Woody Guthrie was the dean of American folk artists, the author of such classics as “This Land is Your Land,” “Pastures of Plenty,” “Deportees, I Ain’t Got No Home In This World Any More,” and “Rueben James.” His giant influence on the entire course of American popular music, not least Bob Dylan’s acknowledgement of his debt to Guthrie, made him one of the seminal artists of the 20th Century. At the time of his death, in 1967, however, Guthrie left behind some 2500 unfinished songs, the lyrics to which were belatedly discovered many years later in the archives.
Guthrie’s daughter, Nora, first became aware of Billy Bragg in 1992, when he performed at New York City’s Summerstage birthday celebration for Woody.
“Although he had come out of a punk rock background, he could sing along with the country and western singers, the folkies and just about everyone else who appeared in the show,” says Nora Guthrie.
“When he accompanied the rappers Disposable Heroes of Hiphoprisy on “Vigilante Man,” we were blown away. He seemed open to anything and everything. His wry sense of humour, reminiscent of Woody’s, also caught our attention immediately.”
Nora Guthrie decided that Bragg was the perfect candidate to set new music to the unrecorded Woody Guthrie lyrics. There was no record of any music being written, thus Bragg was given the task of “reinventing” original Woody Guthrie songs. The lyrics – about New York City streets, film star idols, drinking, loving, dying and even spaceships – were specifically chosen because they presented a completely different aspect to Woody Guthrie’s public persona. Bragg’s role was to provide the musical platform for a previously unexplored Guthrie.
The result was Mermaid Avenue, released in 1998. Bragg’s collaborators on the project were American alt-country rockers, Wilco. Recordings began in Wilco’s hometown of Chicago and then in Dublin, where English fiddler Eliza Carthy and bluesman Corey Harris made their contributions. Natalie Merchant also added her talents when Bragg was finishing the recordings in Boston.
So much material was recorded during those sessions that Mermaid Avenue Volume II was issued two years later, in 2000. Both albums were nominated for Grammy Awards.
Before the release of that second album, however, Bragg had returned to the road, playing a 1999 UK tour fronting Billy Bragg & The Blokes. Among the band members was the legendary Ian McLagan, the keyboard player with the Small Faces and its later Rod Stewart incarnation, The Faces. The other musicians in The Blokes were Ben Mandelson (lap steel guitar); Lu Edmonds (electric guitar and vocals); Martyn Barker (drums); and Simon Edwards (bass).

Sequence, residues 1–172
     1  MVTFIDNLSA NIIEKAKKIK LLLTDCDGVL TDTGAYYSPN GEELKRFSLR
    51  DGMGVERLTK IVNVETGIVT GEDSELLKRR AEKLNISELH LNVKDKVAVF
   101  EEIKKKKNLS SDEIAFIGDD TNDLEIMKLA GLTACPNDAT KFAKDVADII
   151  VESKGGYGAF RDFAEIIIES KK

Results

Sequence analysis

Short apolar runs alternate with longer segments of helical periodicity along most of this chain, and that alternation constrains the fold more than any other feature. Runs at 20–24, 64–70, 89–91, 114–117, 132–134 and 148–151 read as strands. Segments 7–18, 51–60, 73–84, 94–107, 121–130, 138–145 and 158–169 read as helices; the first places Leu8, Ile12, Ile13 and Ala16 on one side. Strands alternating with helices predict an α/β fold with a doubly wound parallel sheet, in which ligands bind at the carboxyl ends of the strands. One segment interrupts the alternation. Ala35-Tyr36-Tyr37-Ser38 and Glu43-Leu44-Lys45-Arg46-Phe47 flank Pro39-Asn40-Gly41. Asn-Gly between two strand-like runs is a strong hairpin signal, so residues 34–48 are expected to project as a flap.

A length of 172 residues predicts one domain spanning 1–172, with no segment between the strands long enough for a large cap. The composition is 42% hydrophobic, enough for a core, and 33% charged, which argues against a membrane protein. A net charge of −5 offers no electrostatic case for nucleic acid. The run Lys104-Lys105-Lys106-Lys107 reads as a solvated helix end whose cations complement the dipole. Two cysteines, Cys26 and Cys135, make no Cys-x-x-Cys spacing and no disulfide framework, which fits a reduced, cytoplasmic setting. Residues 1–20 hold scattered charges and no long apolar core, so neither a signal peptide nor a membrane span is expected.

The tour worked so well it was inevitable that The Blokes would be a permanent band, playing with Bragg in the U.S. and the rest of Europe.
Following the release of Mermaid Avenue Volume II, Bragg moved home from London to Dorset, in the south-west of England. It didn’t, however, take him long to involve himself in the politics of the area – just before the UK General Election in June 2001 Bragg launched a tactical voting campaign to unseat the Conservative MP in Bragg’s Dorset constituency.
Bragg also turned his attention to campaigning for reform of the House of Lords � the U’�s second chamber � by writing and publishing A Genuine Expression of the Will of the People, a political pamphlet on the subject.
It is available in electronic form from the votedorset website.
Running concurrently with all this political activity, however, Bragg was also working with The Blokes on a new album, England, Half English. The album, which explored Bragg’s notions about identity and Englishness, was released on Monday 4th March, 2002 � by sheer coincidence the precise 20th anniversary of Bragg’s first-ever solo gig, the Sociology Disco at North London Polytechnic on March 4th, 1982.
A year later, in 2003, Billy Bragg celebrated his long career with a double-CD retrospective called Must I Paint You A Picture?, released on Monday, October 6th, 2003. The album featured 40 of the tracks that have defined his music and approach through the years. Initial copies of Must I Paint You A Picture? also feature a third, bonus, CD chock full of Billy Bragg collectibles and rarities.
A bigger retrospective, however, came with the release of Billy Bragg Volume 1 – a boxed set featuring seven CDs and two DVDs with a wealth of rare and previously unreleased tracks – in March 2006.
It is now followed by Billy Bragg Volume 2, which will be released on Monday, October 17th. The new box set comprises:
Workers Playtime, Billy’s fourth album originally released in 1988, together with a bonus CD featuring 12 extra tracks. Workers Playtime is also separately released as a two-CD set.
Don’t Try This at Home, the original 1991 album and a bonus CD with 14 additional tracks. The album is also separately available as a two-CD set.
William Bloke, Bragg’s 1996 album plus 11 extra tracks on a bonus CD. William Bloke is also separately released as a two-CD set.
England, Half English, Billy’s 2002 release and a bonus CD containing 13 extra tracks. The album is also separately available as a two-disc set.
If You’ve Got a Guestlist, an in-concert DVD featuring Billy Bragg & The Red Stars at London’s Town & Country Club in 1991 plus Billy Bragg at the Broadway Barking, the singer’s hometown show on his Hope Not Hate anti-fascist tour in May 2006.
The themes that pervade England, Half English have been further amplified in The Progressive Patriot: A Search For Belonging, Bragg’s first book, which will be published by Bantam Press in the UK on Monday, October 9th, and distributed in the States by Trafalgar Square Books soon thereafter. The Progressive Patriot is part autobiography and part polemic on the meaning of national identity in modern Britain.